But when thinking about versatility, the Ricoh GR II can’t stand up to the Sony RX100 IV. The Ricoh doesn’t come with a zoom function and uses a specialized USB cord to charge. The lack of zoom on a compact is hard to ignore, especially for parents trying to capture their child’s concert from the back of an auditorium. The special USB cable for the Ricoh only costs $6, but forgetting the cable while traveling means you’ll have to spend time tracking down a replacement rather than shooting photos. In comparison, the Sony can be charged with a microUSB; Chances are, you already own one for your phone or tablet.
The Ricoh GR II is a better choice for those who either won’t need a zoom or have the experience to tap the potential of the camera. Street photographers who don’t need a zoom function to capture graffiti or people walking in a park will find the Ricoh GR II to be a great camera. But the greater versatility of the Sony RX100 IV was enough to give it the edge over the Ricoh.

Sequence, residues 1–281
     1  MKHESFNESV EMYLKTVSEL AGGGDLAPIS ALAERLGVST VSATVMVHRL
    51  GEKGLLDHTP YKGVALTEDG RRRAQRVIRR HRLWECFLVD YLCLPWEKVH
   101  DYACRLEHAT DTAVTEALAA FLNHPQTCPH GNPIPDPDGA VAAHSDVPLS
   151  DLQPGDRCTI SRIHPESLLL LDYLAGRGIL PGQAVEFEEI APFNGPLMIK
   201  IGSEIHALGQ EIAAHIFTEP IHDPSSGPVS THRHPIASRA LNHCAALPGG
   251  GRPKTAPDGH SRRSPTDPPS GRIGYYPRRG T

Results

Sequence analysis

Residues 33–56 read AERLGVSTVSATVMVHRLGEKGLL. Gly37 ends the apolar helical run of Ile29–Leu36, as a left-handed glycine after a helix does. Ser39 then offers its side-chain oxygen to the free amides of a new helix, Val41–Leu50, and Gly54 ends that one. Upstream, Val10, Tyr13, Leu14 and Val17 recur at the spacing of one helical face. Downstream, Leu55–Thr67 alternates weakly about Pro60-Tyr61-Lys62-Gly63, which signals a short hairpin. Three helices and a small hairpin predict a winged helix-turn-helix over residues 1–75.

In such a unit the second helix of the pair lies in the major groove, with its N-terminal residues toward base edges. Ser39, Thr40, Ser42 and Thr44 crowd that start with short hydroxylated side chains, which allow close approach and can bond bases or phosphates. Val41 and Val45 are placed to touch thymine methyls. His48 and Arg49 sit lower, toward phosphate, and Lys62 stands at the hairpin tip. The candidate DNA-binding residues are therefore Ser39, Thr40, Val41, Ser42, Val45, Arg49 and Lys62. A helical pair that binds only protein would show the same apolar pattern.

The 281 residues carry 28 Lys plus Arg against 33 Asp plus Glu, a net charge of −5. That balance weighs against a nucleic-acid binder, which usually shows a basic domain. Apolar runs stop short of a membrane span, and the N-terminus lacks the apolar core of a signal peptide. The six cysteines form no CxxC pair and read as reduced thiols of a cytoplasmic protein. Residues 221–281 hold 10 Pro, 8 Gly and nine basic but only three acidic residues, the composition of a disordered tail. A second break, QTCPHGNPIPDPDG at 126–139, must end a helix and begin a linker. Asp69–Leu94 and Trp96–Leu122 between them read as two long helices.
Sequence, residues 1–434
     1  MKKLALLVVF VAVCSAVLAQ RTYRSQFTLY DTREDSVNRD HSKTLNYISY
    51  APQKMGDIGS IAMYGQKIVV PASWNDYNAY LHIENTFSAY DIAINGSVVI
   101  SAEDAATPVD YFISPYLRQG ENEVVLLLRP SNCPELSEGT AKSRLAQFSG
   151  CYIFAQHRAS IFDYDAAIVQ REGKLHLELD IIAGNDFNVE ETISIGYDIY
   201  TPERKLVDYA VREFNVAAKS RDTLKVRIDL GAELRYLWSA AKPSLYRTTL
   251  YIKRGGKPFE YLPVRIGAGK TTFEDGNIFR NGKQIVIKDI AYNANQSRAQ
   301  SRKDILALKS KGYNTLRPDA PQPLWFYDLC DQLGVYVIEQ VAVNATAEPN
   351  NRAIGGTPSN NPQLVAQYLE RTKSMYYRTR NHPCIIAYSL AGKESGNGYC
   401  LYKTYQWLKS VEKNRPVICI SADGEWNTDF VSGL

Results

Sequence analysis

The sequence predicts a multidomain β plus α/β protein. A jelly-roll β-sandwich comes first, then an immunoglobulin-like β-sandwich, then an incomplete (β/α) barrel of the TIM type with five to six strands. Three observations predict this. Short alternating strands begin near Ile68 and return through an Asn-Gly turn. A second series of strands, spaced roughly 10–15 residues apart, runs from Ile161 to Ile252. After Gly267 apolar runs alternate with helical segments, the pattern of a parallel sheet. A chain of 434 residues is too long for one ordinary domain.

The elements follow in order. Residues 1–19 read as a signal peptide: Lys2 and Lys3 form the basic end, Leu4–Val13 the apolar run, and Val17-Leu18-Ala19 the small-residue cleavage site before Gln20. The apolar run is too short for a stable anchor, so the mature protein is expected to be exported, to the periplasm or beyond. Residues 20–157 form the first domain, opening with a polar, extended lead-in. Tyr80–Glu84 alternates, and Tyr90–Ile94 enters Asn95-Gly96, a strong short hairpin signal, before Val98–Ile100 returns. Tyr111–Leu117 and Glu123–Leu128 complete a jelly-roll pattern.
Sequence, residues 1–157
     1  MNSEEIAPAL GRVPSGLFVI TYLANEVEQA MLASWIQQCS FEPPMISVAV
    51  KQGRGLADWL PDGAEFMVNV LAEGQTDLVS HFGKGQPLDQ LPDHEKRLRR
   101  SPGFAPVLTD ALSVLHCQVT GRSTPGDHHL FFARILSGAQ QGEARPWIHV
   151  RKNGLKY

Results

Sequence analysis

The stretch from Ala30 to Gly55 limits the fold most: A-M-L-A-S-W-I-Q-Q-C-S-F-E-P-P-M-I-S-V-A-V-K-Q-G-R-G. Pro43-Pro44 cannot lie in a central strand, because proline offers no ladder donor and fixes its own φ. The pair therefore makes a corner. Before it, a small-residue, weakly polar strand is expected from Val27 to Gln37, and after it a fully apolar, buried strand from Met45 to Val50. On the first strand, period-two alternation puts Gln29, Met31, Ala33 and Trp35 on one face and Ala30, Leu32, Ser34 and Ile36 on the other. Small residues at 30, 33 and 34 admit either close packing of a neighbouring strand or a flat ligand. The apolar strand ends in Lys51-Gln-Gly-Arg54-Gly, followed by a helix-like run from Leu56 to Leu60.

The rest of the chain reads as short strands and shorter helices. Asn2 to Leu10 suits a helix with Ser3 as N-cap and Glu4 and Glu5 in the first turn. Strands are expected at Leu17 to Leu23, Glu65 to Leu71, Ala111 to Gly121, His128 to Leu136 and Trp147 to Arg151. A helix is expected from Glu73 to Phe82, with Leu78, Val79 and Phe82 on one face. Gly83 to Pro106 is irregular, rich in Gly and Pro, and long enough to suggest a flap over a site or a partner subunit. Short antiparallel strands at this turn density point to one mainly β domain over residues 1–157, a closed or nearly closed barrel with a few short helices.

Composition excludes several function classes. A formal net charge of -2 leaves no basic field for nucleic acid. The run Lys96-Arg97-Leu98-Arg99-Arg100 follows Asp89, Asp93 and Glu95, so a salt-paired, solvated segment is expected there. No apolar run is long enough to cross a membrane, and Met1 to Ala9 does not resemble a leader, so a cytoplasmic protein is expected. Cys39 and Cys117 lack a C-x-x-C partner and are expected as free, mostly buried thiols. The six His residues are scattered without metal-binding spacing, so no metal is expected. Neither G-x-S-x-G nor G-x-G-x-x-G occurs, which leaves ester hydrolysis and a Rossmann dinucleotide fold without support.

It was a close race between the Olympus E-M10 II and the Fujifilm X-T20 for our top spot, but the greater video capability gave the Fujifilm the victory. That’s not to say the Olympus is a bad option; DPReview reports that even with a smaller sensor size than the Fujifilm X-T20, the image quality of the Olympus is sharp and clear.
The deciding factor for us came down to the quality of our experience. The Olympus had confusing menus that were difficult to navigate, and one tester became frustrated when trying to figure out how to customize the camera’s settings. DPReview had the same problem and reported that even some of their professional photographers ran into confusion. While complex menus are inevitable, the Fujifilm’s layout was far more intuitive.
Outside of that, the Olympus also requires a specialized USB cable (mini B) in order to charge, which can be difficult to find. Standard micro USBs, like that of the Fujifilm, are available at most retail stores. We like that we don’t have to worry about losing our charging cable when traveling with the Fujifilm.
The greatest benefit of the Olympus over the Fujifilm comes down to price. At $650, it is almost half the price of the $1200 Fujifilm. That said, if we ask ourselves which camera we would rather pick up, our honest answer is the Fujifilm. But for those who want an excellent mirrorless camera at a budget price, the Olympus won’t disappoint.